10 Prose Authors Turned Comic Book Pros

Last week, we looked at 10 comic writers who went on to tackle the prose world, but the path between funny books and… well, <em>book</em> books is a two-way street. <p>Throughout comics' history, there have been many novelists who have experimented in the comic medium, or even found themselves building a parallel career inside the industry, like Greg Rucka (writer of <i>Queen & Country</i>, pictured). Here are 10 of our favorite wordsmiths who have found themselves playing with pictures at some point along the way.

MARJORIE LIU

Before Marjorie Liu started writing for Marvel with 2008's <em>NYX: No Way Home</em>, she was already an established novelist with multiple paranormal romance series under her belt, as well as an <em>X-Men</em> prose novel (no surprise, then, that she's taken the X-Books by storm, having written <em>NYX</em>, <em>X23</em>, <em>Dark Wolverine</em> and <em>Astonishing X-Men</em> so far). <p>Even as she continues to guide the destinies of Northstar, Karma et al in <em>Astonishing</em>, she's stayed active in prose.

PAUL CORNELL

Paul Cornell came to prominence as a novelist (and television writer) before he broke into the comics mainstream with 2007's <em>Wisdom</em> for Marvel. In fairness, he'd contributed to both <em>Doctor Who Magazine</em> and <em>Judge Dredd Megazine</em> when starting out as a writer, but it was his work on the <em>Doctor Who: New Adventures</em> novel series, and later the BBC <em>Doctor Who</em> revamp, that made his reputation. <p>Although he's currently in charge of Wolverine's future in the Marvel title of the same name, Cornell remains active in the prose world, having recently published the urban fantasy <em>London Falling</em>.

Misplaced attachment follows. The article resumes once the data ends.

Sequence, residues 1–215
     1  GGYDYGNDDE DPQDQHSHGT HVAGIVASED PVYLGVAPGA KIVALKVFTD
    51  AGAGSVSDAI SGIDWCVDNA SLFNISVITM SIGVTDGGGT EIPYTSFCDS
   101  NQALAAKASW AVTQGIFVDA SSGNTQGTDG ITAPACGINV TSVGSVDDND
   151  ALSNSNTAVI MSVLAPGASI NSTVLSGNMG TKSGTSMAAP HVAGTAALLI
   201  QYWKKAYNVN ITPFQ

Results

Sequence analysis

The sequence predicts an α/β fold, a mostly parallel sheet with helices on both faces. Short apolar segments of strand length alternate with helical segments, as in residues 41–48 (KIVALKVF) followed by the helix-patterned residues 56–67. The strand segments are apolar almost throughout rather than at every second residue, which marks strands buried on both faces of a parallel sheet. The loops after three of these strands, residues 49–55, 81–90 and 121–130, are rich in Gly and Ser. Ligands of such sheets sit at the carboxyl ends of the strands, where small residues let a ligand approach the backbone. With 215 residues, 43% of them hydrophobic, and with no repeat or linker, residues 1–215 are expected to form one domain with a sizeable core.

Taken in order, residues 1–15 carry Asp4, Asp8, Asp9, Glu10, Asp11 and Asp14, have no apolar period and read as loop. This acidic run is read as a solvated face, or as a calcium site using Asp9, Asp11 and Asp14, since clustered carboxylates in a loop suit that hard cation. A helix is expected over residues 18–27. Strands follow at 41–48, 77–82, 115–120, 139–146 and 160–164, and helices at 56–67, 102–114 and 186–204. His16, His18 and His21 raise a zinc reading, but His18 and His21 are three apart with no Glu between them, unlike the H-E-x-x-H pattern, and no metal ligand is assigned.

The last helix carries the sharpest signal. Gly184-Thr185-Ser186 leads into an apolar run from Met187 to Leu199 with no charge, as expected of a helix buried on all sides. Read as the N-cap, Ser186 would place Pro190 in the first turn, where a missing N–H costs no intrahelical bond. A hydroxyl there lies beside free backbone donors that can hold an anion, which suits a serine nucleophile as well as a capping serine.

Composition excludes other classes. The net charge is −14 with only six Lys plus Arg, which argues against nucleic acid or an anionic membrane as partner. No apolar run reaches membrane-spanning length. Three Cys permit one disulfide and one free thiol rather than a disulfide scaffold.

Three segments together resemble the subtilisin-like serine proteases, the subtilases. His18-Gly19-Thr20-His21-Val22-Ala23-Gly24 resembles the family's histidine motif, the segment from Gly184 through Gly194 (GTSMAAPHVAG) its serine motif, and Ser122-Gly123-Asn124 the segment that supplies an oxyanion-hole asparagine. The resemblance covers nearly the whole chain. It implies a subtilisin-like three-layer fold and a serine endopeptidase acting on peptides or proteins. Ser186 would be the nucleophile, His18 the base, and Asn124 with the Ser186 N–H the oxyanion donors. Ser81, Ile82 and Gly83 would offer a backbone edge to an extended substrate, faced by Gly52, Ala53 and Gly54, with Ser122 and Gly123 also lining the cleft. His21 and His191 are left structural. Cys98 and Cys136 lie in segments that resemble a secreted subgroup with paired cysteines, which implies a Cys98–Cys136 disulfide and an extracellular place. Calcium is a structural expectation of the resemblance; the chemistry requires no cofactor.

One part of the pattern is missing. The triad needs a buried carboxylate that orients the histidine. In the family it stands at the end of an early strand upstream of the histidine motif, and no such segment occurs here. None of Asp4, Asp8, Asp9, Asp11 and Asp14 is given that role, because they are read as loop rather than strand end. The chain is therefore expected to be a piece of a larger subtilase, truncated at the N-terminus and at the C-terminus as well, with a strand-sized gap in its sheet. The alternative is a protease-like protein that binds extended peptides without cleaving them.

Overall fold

CHRIS ROBERSON

Chris Roberson is a man of many talents. You may know him as the writer of <em>iZombie</em>, <em>Masks</em> and <em>Edison Rex</em> (not to mention the writer who finished what J. Michael Straczynski started on the "Grounded" storyline for <em>Superman</em>), or as the co-published of critically acclaimed digital imprint MonkeyBrain. <p>What you possibly don't know is that he's also responsible for a plethora of prose works, including both original novels (like the <em>Celestial Empire</em> series and <em>End of The Century</em>) and licensed works, including <em>Star Trek</em>, <em>X-Men</em> and even <em>Spy Kids</em> books. Clearly, the next step is taking over the world of poetry.

DUANE SWIERCZYNSKI

One of a wave of crime novelists who broke into Marvel in the mid-2000s, Duane Swierczynski had worked his way up through non-fiction titles like <em>The Big Book O'Beer</em> and <em>The Perfect Drink for Every Occasion</em> to thrillers including <em>The Blonde</em> and <em>The Wheel Man</em> before bringing his particular take on the world to comics. <p>After starting with relatively grounded titles like <em>Moon Knight</em> and <em>The Punisher</em>, he's found himself branching out with other publishers, writing <em>Bloodshot</em> for Valiant and <em>Godzilla</em> for IDW. Next up? <em>Point and Shoot</em>, the final novel in his Charlie Hardie trilogy, due later this year.

GREG RUCKA

One of the most well-known novelist-slash-comic-writers in the business, Rucka had already created the Atticus Kodiak series of novels by the time he started working with Steve Lieber to create <em>Whiteout</em> for Oni Comics. <p>That, in turn, led to a long career at DC Comics — where, at one point, he was writing ongoing series for both Superman and Wonder Woman, and a Batman mini, simultaneously — and Marvel. But he's always kept his hand in on characters that he's created, whether in <em>Queen and Country</em> or <em>Stumptown</em> in print comics, <em>Lady Sabre & The Pirates of The Ineffible Aether</em> in webcomics, or the <em>Alpha</em> trilogy of novels started last year.

BRAD MELTZER